Every year, as many as 200,000 people visit Tadoussac, Que. for whale watching.
Though the Saint Lawrence River is 25 kilometres across, Alexandre Tardif, a whale watching guide with Croisières AML, guarantees his Zodiac cruise will give people an up-close look at the massive mammals.
This year, tourism is up about 10 per cent in the northern Quebec town.
“On every cruise in the Saint Lawrence, you can see minke whales, beluga whales, beautifully pure white; we can find fin whales, we’ve had two humpback whales recently around the area,” Tardif said.
“Tadoussac is one of the best places in the world for whale watching,” added Patrick Noël, with the Tadoussac Tourism Office.
Recently, a group of tourists, got a very up-close look at the feeding behavior of a fin whale.
“The boat was right in the middle of a puddle of krill, so that’s why it seems like the whale is going to eat up the boat, but the whale doesn’t care about the boat,” Noël explained.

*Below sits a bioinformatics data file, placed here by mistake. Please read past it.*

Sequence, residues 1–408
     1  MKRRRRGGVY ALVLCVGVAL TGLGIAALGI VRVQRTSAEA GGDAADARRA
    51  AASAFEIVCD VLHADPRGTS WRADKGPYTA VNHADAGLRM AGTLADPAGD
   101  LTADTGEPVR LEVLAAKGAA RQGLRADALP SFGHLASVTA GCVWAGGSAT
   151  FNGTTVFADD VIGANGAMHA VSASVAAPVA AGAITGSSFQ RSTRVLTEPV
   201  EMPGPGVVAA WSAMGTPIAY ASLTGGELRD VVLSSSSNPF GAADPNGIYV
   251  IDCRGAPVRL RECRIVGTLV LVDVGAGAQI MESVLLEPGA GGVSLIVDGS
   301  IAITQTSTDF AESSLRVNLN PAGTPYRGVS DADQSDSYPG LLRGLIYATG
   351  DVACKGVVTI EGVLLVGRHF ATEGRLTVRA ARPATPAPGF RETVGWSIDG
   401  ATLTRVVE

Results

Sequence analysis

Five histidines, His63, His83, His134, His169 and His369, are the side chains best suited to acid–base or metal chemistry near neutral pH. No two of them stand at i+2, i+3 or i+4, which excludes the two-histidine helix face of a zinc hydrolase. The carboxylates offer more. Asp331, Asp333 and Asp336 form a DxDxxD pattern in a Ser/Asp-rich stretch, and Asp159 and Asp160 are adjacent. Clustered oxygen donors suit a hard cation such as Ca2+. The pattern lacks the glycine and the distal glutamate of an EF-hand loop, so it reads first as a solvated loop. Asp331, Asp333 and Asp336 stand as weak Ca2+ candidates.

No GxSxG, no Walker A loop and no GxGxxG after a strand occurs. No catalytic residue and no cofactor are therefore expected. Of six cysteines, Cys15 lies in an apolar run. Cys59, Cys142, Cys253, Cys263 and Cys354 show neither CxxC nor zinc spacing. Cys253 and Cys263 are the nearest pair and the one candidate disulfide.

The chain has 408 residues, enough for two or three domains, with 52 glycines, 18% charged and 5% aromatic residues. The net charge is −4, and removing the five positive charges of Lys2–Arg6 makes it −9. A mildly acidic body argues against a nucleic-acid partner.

WATCH BELOW: Tourists were shocked when a fin whale swam right up to them as they were out whale watching near Tadoussac, Que.
Getting close to a whale is extremely rare – and there’s a reason for that.
Federal and provincial laws require boats to stay between 100 and 400 metres away from whales in order to protect their fragile ecosystem.
Whale watchers get to see species like the fin whales in their natural habitats.
“[I felt] that we were invading their territory, that this is their waters where they live…and we were foreigners,” said Phyllis Coates, a tourist from Tampa, Florida.
Noël said he doesn’t want people to be deterred from whale watching on zodiacs.
Instead, he wants to encourage them to learn more about the research that is being conducted.
Researchers also identify individual whales.
“The whales come back every summer, so we get to know them. They have names,” said Tardif.
“We have zipper, Tic Tac Toe, White Snow.”